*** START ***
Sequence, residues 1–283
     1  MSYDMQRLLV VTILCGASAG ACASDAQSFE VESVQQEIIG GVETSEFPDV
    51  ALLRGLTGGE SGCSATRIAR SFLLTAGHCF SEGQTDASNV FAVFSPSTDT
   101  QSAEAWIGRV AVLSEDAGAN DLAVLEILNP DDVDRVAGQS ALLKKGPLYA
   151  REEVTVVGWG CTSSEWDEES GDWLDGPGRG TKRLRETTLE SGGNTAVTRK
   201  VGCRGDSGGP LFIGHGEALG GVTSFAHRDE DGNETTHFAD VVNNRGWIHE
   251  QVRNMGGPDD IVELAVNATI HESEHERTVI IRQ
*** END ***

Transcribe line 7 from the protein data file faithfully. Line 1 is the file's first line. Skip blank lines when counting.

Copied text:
   251  QVRNMGGPDD IVELAVNATI HESEHERTVI IRQ